Re:FCC can't help ...

By pegr • Score: 5, Insightful • Thread

Did the lack of this feature affect your buying decision? If it's a part of the chipset that the phone vendor didn't implement because nobody wanted it, can you really be upset for not having it?

OTOH, Other markets really use this feature. If it's there and people want it, it will happen. This might be the first step.

Google Fiber Sheds Workers As It Looks to a Wireless Future

Posted by msmashView on SlashDotShareable Link
Mariella Moon, writing for Engadget: Alphabet is making some huge changes to steer Google Fiber in a new, more wireless direction. According to Wired, the corporation has reassigned hundreds of Fiber employees to other parts of the company and those who remained will mostly work in the field. It has also hired broadband veteran Greg McCray as the new CEO for Access, the division that runs Google Fiber. These changes don't exactly come out of left field: back in October, Google announced that it's pausing the high-speed internet's expansion to new markets and that it's firing nine percent of the service's staff. Wired says running fiber optic cables into people's homes has become too expensive for the company. A Recode report last year says it costs Mountain View $1 billion to bring Fiber to a new market.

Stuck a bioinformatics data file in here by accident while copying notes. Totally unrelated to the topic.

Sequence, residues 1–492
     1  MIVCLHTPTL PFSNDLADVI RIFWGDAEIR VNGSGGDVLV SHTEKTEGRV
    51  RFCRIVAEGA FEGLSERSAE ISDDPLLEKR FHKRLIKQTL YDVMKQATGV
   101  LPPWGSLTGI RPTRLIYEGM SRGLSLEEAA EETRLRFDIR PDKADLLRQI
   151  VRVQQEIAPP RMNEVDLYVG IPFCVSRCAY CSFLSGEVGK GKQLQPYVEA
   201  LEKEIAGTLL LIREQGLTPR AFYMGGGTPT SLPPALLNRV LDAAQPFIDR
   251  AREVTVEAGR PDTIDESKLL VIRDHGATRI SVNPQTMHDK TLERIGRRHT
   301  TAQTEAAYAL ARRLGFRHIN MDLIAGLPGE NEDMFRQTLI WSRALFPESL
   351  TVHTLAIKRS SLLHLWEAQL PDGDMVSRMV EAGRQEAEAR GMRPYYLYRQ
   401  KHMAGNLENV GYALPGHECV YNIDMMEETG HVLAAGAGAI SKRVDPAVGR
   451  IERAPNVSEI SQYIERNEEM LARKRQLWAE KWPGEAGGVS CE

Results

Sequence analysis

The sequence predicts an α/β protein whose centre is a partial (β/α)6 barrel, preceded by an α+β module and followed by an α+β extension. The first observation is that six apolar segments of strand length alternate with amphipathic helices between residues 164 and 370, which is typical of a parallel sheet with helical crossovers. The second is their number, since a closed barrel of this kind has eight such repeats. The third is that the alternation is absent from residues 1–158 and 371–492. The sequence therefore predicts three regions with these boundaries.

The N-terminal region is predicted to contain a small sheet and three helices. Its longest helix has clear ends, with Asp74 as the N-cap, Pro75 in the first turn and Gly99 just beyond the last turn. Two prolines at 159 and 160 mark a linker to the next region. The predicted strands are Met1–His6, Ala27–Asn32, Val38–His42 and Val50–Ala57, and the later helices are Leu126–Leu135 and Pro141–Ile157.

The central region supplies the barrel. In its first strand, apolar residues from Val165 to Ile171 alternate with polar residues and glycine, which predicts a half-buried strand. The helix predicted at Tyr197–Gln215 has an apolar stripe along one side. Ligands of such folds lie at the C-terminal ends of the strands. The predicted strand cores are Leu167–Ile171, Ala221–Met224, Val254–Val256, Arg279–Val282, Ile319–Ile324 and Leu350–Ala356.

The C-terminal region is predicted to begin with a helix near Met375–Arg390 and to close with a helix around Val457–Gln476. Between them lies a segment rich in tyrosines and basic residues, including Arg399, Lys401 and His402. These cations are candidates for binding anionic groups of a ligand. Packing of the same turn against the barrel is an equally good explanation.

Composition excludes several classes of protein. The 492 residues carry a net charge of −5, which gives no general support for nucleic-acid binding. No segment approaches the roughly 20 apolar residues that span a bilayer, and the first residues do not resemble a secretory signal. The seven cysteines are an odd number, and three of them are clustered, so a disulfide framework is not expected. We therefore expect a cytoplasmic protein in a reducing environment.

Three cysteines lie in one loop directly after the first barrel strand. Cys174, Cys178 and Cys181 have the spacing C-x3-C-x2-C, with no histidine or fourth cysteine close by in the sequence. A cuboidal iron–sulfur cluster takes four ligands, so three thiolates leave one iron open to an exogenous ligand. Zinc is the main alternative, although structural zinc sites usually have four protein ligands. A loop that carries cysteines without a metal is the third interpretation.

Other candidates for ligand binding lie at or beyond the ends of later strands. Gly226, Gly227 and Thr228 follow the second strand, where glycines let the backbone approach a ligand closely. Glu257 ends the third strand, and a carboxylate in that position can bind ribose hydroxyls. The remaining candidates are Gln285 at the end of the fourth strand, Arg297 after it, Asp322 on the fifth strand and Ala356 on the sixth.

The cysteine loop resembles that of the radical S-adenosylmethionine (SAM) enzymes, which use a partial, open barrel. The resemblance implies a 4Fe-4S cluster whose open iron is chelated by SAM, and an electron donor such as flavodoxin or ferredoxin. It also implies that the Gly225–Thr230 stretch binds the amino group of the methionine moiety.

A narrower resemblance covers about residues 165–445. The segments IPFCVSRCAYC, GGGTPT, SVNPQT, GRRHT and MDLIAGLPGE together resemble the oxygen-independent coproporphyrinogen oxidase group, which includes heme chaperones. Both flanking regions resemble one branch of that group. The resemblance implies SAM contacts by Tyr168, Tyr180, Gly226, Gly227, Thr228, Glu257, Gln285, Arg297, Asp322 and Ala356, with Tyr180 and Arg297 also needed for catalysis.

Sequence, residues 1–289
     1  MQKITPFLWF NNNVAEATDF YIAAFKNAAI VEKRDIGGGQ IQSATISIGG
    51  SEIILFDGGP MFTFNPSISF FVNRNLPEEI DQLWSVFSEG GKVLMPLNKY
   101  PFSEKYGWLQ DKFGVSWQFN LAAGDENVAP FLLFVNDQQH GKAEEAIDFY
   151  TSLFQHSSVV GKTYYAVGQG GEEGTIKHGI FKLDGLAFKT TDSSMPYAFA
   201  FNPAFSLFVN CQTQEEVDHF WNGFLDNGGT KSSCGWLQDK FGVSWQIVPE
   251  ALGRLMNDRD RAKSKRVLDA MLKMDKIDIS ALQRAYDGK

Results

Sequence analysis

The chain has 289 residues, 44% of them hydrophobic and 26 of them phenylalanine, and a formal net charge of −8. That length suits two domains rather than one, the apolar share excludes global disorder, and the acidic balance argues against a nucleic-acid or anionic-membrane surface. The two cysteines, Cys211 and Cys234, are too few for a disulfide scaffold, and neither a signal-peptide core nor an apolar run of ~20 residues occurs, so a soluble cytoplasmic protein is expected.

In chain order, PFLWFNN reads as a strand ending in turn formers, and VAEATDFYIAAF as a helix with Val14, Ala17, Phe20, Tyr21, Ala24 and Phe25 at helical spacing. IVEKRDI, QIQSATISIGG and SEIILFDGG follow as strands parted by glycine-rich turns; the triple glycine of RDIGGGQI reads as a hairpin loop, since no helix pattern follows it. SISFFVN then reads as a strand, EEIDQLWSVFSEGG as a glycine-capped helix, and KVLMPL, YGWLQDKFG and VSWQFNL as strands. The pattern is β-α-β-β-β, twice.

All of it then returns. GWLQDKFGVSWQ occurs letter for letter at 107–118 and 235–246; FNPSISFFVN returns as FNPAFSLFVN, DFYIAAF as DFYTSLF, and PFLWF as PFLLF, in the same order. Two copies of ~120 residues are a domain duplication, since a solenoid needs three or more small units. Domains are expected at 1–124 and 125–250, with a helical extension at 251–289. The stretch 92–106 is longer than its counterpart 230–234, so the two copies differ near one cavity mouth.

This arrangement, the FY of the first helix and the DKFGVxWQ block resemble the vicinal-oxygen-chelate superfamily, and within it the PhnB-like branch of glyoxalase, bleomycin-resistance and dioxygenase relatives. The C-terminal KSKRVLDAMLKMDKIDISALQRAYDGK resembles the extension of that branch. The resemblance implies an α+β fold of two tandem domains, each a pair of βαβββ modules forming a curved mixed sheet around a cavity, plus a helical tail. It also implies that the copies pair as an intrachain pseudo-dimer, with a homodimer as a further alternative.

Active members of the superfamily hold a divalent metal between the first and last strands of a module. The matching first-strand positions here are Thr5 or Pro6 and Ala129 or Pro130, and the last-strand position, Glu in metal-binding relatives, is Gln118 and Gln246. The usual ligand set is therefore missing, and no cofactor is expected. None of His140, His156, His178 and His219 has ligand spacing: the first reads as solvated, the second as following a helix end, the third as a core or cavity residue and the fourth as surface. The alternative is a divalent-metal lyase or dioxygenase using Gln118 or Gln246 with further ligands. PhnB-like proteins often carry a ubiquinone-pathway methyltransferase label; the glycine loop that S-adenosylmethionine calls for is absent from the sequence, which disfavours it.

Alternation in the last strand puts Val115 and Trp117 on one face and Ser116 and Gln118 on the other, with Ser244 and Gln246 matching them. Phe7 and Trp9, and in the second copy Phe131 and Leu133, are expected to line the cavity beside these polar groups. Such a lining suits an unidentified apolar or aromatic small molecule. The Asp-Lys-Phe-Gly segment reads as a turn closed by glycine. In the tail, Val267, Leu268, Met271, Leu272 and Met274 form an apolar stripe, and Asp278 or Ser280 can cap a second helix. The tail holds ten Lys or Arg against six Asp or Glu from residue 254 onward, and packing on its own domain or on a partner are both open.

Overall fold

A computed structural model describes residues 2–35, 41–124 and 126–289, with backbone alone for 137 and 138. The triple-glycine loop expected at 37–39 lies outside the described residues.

Wireless is not a replacement

By DogDude • Score: 4, Insightful • Thread
For speed, security, and reliability, wireless isn't even close to being a replacement for fiber. Our business only uses wireless for fun stuff for our customers. Our real business is over wired connections, and will be for the foreseeable future.

Electricity, Phone, Fiber

By Zobeid • Score: 4, Insightful • Thread

Somehow we managed to wire up the whole country with electrical power, and somehow we wired up the whole country with phone lines, and yet laying out fiber is always TOO COSTLY. It can't be done!

What they should be doing for $1 billion...

By BlueCoder • Score: 5, Interesting • Thread